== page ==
Location: Plant Science ResearchTitle: Improved forage quality in alfalfa (Medicago sativa L.) via selection for increased stem fiber digestibility
|Heuschele, Deborah - Jo|
|LAMB, JOANNE F.S. - Retired ARS Employee|
|Jung, Hans Joachim|
|Samac, Deborah - Debby|
Submitted to: Agronomy
Publication Type: Peer Reviewed Journal
Publication Acceptance Date: 3/6/2023
Publication Date: 3/7/2023
Citation: Xu, Z., Heuschele, D.J., Lamb, J., Jung, H.G., Samac, D.A. 2023. Improved forage quality in alfalfa (Medicago sativa L.) via selection for increased stem fiber digestibility. Agronomy. 13(3). Article 770. https://doi.org/10.3390/agronomy13030770.
Interpretive Summary: Alfalfa is the most important forage crop used in ruminant animal production in North America. While alfalfa is generally considered to be a high-quality forage, it is also recognized that the stem fraction of alfalfa is of limited digestibility, which decreases feed intake and animal performance. Because poorly digested stem material increases with plant age, the quality of stems becomes a greater issue in more mature alfalfa. This pattern of alfalfa development has led to the common practice of harvesting the crop when immature; however, this practice reduces long-term forage yield and stand persistence. The value of alfalfa as a forage crop could be improved by breeding alfalfa with improved stem digestibility. This report summarizes the development of unique alfalfa lines from two breeding cycles of selecting plants with increased stem digestibility. Results showed that stem digestibility traits are highly heritable and genetic gain was achieved in each breeding cycle without changing the proportion of stems to leaves. Selection increased stem digestibility at the later maturity stages and decreased seasonal variability in forage quality. The methodology developed was a very effective approach for improving forage digestibility and biomass yield. This approach can be incorporated into alfalfa breeding programs for developing improved cultivars with greater persistence and improved animal performance.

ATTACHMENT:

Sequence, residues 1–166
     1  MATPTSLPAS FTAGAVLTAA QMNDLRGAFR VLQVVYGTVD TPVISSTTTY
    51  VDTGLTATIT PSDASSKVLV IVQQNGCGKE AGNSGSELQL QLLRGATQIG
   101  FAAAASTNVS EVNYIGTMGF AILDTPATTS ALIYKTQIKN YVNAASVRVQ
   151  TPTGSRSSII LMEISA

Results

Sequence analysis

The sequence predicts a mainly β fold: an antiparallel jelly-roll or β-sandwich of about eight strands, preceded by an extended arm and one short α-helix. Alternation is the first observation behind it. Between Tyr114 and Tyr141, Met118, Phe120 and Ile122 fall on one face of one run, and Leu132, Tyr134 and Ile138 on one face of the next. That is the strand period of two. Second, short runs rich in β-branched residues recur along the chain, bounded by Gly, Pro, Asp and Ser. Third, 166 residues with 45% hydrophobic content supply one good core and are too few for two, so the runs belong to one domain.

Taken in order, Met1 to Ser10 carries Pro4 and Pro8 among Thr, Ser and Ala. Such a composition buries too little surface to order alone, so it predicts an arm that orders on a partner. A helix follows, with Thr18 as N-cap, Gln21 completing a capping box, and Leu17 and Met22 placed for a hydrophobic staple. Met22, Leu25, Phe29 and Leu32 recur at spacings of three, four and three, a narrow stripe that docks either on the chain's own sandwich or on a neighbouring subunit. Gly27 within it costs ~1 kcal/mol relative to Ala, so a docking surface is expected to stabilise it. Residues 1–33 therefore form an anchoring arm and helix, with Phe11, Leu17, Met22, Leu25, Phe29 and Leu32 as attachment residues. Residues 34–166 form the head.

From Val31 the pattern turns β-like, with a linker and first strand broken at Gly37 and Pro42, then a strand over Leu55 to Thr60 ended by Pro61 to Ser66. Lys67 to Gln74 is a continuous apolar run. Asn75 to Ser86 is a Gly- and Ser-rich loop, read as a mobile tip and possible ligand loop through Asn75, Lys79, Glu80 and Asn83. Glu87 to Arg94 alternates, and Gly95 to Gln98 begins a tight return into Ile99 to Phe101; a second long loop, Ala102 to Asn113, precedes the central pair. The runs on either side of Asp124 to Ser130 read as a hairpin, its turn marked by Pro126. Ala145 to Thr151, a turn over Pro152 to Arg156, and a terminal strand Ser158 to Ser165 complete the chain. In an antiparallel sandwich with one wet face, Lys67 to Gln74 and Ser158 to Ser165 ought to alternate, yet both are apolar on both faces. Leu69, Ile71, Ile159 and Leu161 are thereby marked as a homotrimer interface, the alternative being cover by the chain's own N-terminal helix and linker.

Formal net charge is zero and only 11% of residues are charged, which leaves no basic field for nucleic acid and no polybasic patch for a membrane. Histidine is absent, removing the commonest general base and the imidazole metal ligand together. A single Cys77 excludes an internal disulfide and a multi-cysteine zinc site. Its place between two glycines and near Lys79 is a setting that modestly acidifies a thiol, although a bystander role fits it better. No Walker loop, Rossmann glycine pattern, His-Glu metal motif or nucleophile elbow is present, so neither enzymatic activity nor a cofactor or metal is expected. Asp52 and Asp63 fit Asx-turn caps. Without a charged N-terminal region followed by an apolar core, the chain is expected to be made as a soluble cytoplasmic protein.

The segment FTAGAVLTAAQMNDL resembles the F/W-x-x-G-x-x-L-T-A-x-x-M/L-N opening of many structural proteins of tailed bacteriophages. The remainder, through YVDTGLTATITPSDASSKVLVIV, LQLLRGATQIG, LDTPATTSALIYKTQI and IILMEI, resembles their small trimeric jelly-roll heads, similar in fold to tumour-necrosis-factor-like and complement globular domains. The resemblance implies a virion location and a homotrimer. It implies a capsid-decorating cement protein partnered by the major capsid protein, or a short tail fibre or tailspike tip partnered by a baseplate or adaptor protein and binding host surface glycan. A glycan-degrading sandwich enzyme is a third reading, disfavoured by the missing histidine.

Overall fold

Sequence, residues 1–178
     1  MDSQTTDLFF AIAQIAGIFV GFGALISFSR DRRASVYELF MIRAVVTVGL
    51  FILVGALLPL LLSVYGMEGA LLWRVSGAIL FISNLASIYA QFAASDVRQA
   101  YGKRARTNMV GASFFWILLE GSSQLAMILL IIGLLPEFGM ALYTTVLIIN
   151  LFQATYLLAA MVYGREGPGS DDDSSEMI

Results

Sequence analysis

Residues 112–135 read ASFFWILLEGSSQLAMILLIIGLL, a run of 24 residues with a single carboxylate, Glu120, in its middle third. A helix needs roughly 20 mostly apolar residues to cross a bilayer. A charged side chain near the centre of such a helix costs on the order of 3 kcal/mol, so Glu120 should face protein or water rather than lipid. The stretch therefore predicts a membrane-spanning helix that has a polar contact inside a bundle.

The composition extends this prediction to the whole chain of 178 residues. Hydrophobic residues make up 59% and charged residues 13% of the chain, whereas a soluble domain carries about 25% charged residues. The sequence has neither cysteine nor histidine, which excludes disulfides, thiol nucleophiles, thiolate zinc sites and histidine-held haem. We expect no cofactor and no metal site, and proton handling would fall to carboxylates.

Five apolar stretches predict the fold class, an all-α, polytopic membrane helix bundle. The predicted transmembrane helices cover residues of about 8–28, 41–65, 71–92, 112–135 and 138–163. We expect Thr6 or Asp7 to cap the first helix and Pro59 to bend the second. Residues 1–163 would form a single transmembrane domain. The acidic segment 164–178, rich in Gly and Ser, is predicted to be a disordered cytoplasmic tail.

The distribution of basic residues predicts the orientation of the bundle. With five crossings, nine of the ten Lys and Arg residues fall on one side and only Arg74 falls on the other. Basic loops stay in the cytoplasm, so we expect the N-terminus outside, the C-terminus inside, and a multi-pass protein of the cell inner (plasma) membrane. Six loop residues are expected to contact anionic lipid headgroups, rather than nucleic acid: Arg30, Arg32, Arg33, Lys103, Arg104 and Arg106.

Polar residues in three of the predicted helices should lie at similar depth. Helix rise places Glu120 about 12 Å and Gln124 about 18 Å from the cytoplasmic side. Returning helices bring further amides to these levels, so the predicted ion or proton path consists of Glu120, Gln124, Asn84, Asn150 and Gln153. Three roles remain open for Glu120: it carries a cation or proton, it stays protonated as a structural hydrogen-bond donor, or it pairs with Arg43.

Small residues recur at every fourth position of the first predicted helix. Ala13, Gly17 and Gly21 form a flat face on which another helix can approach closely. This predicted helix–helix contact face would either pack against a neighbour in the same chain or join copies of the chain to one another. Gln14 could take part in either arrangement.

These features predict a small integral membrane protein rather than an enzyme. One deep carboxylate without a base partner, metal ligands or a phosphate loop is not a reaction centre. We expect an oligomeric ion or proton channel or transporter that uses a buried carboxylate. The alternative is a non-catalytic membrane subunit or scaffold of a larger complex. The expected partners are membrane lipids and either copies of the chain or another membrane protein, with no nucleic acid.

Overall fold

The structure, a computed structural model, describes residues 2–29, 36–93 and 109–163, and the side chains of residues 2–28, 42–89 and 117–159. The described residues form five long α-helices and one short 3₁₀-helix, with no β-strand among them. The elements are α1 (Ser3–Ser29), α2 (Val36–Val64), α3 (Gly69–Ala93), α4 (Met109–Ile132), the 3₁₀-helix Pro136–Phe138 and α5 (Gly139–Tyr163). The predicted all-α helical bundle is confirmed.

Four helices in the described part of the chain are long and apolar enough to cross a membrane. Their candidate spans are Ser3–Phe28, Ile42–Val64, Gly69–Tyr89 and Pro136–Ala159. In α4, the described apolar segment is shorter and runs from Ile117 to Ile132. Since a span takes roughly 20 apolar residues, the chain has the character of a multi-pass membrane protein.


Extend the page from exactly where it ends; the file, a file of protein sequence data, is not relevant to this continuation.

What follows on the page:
Technical Abstract: Low fiber digestibility in alfalfa stems can limit dry matter intake and energy availability in ruminant animal digestion. Breeding for improved stem fiber digestibility could increase net digestible biomass yield. Previously, alfalfa (Medicago sativa L.) plants were identified for a breeding program based on either low or high rapid (16-h) and low or high potential (96-h) in vitro neutral detergent fiber digestibility (IVNDFD) of plant stems. Two cycles of bidirectional selection for plants with low or high stem 16-h IVNDFD and low or high stem 96-h IVNDFD were carried out. The resulting populations were evaluated for herbage biomass, leaf to stem ratio, IVNDFD, and detergent fiber components in field trials with plants harvested at three maturity stages. The 96-h IVNDFD trait was highly heritable (H2 = 0.71) with a genetic gain rate of 5.05% per selection cycle. The patterns of continuous increase of stem fiber digestibility from each cycle of selection for high 16-h and high 96-h IVNDFD digestibility and a decrease in digestibility from each cycle in the low 16-h and low 96-h populations suggested that additive gene effects may control stem fiber digestibility. The non-unidirectional change of digestibility from the high x low and low x high populations indirectly affirms the additive gene effects. Divergent selection did not alter leaf to stem ratio nor other plant morphological traits. Selection for stem IVNDFD was a highly effective strategy for developing alfalfa cultivars with improved nutritional quality.